19, let alone her powerful hit "Chasing Pavements," before hearing something from her again. Yes, that album was that good! But people are all to familiar with the sophomore curse (where the artist either has the album shelved or it blows). Does Adele fall victim to that curse with 21?
Adele fires off 21 with "Rolling In The Deep," which highlights her throwback, Motown sound. While it's evident early that she's proving she's back like she never left, this is a sound that is beginning to go through the "let's play this out" phase. Fortunately, she later displays new perspectives in her songwriting, singing abilities and trying new sounds. The bad news is each and every songs is plagued by her out-the-booth affairs.
Can't knock her retro vibe though! The most surprising tracks on this album are "Rumour Has It" and "If It Hadn't Been For Love" because Adele steps out of the box folks have put her in while sticking to her retro roots.
Throughout 21 Adele's sound extends from just sounding retro, thanks to different variations in her singing, the production and her attitude. "Take It All" is a great example of this, as there are hints of almost every ballad-driven/uplifting genre (Gospel, Country, even Classical) plus her overall attitude towards her heartbreak. Instead of chasing her guy, she's telling him she doesn't want anything to do with him. "I'll Be Waiting" successfully shows her overall growth, as she gives listeners a new side to her vocal style. It's a refreshing song - it has that happy AT&T commercial feel to it.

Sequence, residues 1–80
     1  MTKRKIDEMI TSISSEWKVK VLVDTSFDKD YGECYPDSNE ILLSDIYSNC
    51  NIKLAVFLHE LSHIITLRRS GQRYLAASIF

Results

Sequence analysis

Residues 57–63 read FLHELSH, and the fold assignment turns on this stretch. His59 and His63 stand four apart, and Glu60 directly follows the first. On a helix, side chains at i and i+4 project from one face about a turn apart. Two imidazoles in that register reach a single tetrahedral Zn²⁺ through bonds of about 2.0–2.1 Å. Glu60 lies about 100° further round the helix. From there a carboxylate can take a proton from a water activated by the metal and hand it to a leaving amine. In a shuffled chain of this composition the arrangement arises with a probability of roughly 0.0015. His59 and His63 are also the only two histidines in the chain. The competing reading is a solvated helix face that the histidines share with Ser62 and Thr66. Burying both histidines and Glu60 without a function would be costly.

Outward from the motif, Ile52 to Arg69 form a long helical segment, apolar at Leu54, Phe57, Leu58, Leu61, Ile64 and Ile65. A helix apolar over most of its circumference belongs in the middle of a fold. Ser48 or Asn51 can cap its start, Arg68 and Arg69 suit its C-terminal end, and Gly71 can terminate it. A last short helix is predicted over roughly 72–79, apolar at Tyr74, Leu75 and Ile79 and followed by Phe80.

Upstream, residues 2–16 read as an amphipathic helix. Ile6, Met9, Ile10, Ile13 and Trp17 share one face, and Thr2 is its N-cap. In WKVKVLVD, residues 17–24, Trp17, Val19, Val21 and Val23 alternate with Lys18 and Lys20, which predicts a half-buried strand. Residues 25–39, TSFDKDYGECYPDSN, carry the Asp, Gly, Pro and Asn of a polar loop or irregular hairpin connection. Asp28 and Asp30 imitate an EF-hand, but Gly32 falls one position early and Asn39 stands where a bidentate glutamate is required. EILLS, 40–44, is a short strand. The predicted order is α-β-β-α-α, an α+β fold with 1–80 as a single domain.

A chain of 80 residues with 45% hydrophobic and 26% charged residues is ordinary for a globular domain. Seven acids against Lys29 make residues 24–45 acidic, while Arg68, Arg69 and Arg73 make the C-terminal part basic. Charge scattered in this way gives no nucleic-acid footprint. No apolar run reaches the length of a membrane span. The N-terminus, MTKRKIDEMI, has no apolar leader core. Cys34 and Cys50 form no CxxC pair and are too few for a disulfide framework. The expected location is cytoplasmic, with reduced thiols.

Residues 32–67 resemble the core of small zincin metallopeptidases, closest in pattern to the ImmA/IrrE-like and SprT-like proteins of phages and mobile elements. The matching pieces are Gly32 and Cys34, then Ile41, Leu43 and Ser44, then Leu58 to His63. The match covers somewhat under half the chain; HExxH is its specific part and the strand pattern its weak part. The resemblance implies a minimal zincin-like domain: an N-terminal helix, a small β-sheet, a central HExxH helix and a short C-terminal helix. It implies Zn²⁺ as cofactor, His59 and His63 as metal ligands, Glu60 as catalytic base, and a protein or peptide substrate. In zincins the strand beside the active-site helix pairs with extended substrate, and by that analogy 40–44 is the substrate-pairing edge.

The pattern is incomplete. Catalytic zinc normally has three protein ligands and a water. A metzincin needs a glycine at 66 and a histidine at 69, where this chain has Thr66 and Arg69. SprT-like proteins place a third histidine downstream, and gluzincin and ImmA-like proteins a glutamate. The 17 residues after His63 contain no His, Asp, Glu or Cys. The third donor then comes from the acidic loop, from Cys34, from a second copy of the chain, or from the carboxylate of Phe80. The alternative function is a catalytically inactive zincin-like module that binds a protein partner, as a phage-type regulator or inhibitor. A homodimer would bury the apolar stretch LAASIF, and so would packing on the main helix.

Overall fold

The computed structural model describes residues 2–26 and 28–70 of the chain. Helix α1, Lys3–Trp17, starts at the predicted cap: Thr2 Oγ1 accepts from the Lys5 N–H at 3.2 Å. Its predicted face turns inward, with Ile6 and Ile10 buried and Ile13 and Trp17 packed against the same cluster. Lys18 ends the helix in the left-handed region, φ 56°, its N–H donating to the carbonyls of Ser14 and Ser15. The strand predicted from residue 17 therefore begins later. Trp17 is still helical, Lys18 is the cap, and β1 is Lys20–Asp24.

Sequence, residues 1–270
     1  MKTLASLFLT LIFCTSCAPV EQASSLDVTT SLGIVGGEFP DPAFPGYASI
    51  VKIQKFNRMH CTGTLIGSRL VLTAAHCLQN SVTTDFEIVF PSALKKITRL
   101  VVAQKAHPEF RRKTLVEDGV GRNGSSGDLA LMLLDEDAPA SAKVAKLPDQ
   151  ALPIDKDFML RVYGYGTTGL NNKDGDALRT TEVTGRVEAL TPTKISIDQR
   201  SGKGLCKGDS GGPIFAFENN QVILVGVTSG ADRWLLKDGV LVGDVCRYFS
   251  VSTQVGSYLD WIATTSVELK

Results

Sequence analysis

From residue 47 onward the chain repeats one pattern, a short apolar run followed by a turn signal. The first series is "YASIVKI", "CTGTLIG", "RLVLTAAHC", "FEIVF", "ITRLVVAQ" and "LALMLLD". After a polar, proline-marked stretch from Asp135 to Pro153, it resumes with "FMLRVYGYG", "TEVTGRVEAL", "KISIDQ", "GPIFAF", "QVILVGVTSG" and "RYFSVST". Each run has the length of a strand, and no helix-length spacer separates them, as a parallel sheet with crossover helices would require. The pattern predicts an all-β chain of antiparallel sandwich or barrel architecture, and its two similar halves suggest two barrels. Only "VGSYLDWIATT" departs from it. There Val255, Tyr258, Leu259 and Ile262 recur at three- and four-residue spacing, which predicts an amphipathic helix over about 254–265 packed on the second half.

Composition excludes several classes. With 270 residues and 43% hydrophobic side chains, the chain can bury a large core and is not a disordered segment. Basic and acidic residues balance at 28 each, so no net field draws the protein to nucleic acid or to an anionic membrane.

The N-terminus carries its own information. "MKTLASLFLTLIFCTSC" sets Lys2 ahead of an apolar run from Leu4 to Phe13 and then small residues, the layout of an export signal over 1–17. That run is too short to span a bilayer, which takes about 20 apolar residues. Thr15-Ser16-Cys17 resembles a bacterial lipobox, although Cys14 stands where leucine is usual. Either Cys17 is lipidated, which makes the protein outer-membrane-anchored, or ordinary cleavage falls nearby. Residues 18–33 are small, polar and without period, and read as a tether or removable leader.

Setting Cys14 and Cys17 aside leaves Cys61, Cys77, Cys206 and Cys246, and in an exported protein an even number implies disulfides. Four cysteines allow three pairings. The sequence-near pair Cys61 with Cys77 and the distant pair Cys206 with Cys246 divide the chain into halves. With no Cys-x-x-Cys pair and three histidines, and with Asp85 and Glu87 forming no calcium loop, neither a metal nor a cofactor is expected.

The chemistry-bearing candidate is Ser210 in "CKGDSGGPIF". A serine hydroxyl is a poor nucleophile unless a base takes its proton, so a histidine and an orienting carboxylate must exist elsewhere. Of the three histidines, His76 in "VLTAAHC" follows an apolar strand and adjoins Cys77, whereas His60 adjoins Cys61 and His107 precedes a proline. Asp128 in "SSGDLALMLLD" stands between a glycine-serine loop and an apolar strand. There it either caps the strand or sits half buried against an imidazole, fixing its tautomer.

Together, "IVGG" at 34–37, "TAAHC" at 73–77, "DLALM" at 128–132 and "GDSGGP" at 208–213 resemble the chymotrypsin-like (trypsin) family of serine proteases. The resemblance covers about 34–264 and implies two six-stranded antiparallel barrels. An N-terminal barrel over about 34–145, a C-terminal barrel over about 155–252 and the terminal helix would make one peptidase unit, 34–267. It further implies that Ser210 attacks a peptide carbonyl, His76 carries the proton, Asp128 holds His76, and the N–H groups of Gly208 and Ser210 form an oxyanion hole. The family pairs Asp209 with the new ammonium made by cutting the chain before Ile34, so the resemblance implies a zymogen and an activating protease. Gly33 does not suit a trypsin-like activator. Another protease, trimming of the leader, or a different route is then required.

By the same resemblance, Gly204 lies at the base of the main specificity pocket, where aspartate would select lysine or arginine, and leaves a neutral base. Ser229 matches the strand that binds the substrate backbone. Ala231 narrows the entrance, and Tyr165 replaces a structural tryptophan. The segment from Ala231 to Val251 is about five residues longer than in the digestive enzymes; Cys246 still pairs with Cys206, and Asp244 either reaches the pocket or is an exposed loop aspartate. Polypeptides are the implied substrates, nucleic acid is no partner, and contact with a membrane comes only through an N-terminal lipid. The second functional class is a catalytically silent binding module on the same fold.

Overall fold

21 has the most unique production clan with this year's music, which in turn makes Adele a more diverse artist than her previous work. Whereas 19 seemed one-dimensional in production, sound, lyrics, etc, this album is on some hi-def, 3D-type stuff. With the help of Rick Rubin and countless others, Adele improves dramatically as far as her sound goes.
In all of this "you can't tear me down" type of songwriting, the bad news (if you wanna call it that) is that each and every song is plagued by her out-the-booth affair with her former boyfriend. It's safe to say that the entire second half of 21's tracks reeks of heartbreak, revenge and empowerment (in that order). Luckily, these three raging emotions, as delivered by Adele, terrificly complement one another. Not to mention the artistry laced in every song.
Overall, there is no bad track on 21. One would think after winning a Grammy and having the greatest ballads of this generation that Adele would fall back. Instead she uses it get stronger, even through her breakup. Hopefully, this trend of making heartbreak songs will end soon with her because the world already has Jazmine Sullivan. Sorry, but it's true!
Star's Grade: A-